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A slithering experience to be had at OBX Lizard Land

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Andi Hopkins, co-owner of OBX Lizard Land in Currituck, feeds raw chicken to a tegu lizard, just one of several species of monitor lizards on display at the new reptile exhibit. Hopkins' dog Luna watches with curiosity.


By William F. West
The Daily Advance

Monday, June 25, 2018

CURRITUCK – Those wanting to see lots of exotic reptiles resembling creatures from prehistoric times do not have to drive all the way to a big city or faraway zoo.

Paul DiDario and his fiancée, Andreana Hopkins, operate OBX Lizard Land off Caratoke Highway adjacent to the Currituck County Judicial Center.

The two presently have 24 lizards on display in enclosures designed to resemble their natural environments.

“Oh yeah,” DiDario said when asked about the large number. “I mean, you can definitely spend a good hour or more looking at everything because we do have quite a bit.”

“You won’t see one of the same thing in a different cage. Every single cage has something different in it,” DiDario said.

DiDario and Hopkins have lizards they call “ambassador animals” at the ready because they are docile. They have a couple of lizards the public can interact with and touch.

He said a lot of the lizards are from Africa, Australia and Indonesia. He said most of them are some form of rescue animals found via Craigslist and Facebook links.

DiDario said some of the animals were quite poorly taken care of and required lots of medical treatment and rehabilitation, while others were quite well taken care of. Some of the previous owners either fell on financial hard times or were moving elsewhere and couldn’t take their animals with them, DiDario said.

He also said there were drop-off cases in which the owners simply didn’t want their animals any more.

“They all have unique stories,” he said.

DiDario and Hopkins also have 12 snakes for viewing at OBX Lizard Land.

DiDario explained the public’s the fascination with lizards.

“Just the fact that we don’t know much about them and they look like dinosaurs,” he said.

OBX Lizard Land opened in mid-July of last year, but began to attract more attention after a Currituck Chamber of Commerce gathering at the business on April 17.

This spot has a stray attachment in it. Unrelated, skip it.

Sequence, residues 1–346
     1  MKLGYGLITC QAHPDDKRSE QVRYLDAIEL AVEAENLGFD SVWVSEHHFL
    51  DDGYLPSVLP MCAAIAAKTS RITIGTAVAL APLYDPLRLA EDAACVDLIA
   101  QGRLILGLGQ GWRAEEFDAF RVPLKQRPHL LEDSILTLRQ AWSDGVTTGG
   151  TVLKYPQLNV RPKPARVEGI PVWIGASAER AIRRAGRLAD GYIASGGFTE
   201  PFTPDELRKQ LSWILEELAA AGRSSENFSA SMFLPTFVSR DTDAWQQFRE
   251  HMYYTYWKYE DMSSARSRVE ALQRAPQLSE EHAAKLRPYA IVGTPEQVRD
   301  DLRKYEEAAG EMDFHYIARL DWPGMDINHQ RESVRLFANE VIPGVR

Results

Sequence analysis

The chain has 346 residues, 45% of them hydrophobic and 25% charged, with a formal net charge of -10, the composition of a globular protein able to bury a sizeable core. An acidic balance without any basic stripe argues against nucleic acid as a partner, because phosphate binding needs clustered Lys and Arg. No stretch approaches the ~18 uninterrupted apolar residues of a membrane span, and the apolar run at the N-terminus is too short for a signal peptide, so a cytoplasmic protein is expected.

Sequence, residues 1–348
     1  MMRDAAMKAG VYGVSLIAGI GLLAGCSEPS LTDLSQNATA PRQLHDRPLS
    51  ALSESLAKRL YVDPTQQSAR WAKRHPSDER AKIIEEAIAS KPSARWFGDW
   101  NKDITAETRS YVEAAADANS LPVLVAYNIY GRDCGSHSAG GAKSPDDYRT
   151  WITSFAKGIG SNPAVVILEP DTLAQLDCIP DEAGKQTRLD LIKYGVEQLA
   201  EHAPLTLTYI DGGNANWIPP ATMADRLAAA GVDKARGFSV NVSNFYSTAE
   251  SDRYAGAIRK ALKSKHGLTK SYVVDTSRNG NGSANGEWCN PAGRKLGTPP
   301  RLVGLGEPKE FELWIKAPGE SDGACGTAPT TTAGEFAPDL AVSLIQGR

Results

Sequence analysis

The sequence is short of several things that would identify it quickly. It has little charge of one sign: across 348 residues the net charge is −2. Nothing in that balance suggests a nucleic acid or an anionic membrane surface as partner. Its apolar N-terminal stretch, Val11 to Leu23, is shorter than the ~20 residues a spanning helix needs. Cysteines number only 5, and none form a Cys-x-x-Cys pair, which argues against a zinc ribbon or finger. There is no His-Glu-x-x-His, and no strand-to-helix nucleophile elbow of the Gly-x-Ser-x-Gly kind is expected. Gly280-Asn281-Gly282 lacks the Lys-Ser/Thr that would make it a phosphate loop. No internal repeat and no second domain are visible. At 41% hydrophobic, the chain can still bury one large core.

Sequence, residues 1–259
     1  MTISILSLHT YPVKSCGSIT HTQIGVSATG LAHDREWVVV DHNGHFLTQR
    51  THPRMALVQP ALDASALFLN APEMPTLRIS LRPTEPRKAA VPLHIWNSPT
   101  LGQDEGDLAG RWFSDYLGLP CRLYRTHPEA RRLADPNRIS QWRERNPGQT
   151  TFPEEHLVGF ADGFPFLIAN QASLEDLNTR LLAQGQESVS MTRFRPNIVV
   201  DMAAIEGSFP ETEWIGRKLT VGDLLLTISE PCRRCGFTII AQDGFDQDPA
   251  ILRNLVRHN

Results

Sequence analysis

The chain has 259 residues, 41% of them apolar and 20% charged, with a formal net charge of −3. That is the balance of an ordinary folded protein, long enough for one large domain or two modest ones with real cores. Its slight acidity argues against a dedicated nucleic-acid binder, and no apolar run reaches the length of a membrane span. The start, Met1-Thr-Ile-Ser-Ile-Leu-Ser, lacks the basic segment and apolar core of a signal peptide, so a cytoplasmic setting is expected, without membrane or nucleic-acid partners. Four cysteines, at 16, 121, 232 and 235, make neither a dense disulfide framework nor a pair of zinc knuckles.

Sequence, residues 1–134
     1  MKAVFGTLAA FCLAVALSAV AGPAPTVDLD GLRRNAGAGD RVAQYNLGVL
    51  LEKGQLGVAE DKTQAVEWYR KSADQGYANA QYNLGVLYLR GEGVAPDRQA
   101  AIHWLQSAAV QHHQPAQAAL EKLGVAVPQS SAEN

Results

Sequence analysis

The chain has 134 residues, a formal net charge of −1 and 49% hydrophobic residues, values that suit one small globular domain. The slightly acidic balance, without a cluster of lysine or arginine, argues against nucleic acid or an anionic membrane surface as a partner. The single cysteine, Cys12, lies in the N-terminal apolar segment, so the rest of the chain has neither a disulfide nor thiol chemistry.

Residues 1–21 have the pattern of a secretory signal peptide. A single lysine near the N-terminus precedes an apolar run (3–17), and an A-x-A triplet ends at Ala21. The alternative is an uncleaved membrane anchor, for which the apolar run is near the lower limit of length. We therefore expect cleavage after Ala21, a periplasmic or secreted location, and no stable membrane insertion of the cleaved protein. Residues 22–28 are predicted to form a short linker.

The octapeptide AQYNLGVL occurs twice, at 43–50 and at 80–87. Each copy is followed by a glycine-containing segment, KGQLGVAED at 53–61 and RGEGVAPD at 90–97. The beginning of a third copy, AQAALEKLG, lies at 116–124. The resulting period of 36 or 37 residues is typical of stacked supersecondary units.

DiDario said although the main reason the business was established was to attract tourists and vacationers en route to the Outer Banks, he also wanted to have such a place for Currituck, Elizabeth City area and Hampton Roads area residents to go.

OBX Lizard Land is located across Caratoke Highway from the Currituck Dollar General and in a two-story house his mother owns. The reptiles live on the first floor and the second floor serves as an apartment for DiDario.

DiDario’s mother owns Eden Day Spa and Salon. The house was once the home of the salon and for a time was the location of a consignment shop.

DiDario, 27, owns OBX Lizard Land and is presently manager of his mother’s business.

Hopkins, 24, is from the Hampton Roads area and had worked in advertising sales. She created OBX Lizard Land’s website and helps OBX Lizard Land by being the contact point via Facebook.

DiDario grew up in a house somewhat tucked away behind the Currituck Judicial Center and along the Currituck Sound. He said being near a large body of water, reptilian creatures became a passion of his, and as a child, he always had his hands on something.

“It has always been a huge part of my life. So, I wanted to share it with the rest of the world,” he said.

OBX Lizard Land is located at 2815 Caratoke Highway and is open from 10 a.m.-5 p.m. on Saturdays and Sundays.

Admission is $5 for adults, $3.50 for children ages 12 and under and $3.50 for senior citizens ages 65 and over. The business can be reached by phone at 435-4209 and also is online at www.obxlizardland.com/